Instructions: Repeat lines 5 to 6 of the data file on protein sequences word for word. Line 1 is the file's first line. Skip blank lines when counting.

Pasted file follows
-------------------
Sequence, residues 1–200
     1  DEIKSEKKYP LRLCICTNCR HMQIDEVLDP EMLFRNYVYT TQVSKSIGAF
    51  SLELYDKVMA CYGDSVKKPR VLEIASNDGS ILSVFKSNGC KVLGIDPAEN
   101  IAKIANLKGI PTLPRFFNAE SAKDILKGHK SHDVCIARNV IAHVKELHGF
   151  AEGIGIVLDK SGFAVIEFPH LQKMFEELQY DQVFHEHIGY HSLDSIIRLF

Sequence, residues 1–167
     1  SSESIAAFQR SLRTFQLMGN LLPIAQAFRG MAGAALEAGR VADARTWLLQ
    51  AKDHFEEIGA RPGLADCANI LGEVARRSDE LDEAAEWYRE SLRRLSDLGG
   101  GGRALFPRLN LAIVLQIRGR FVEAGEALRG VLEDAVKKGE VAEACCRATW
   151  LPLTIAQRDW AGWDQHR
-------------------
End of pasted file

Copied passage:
   151  AEGIGIVLDK SGFAVIEFPH LQKMFEELQY DQVFHEHIGY HSLDSIIRLF

Sequence, residues 1–167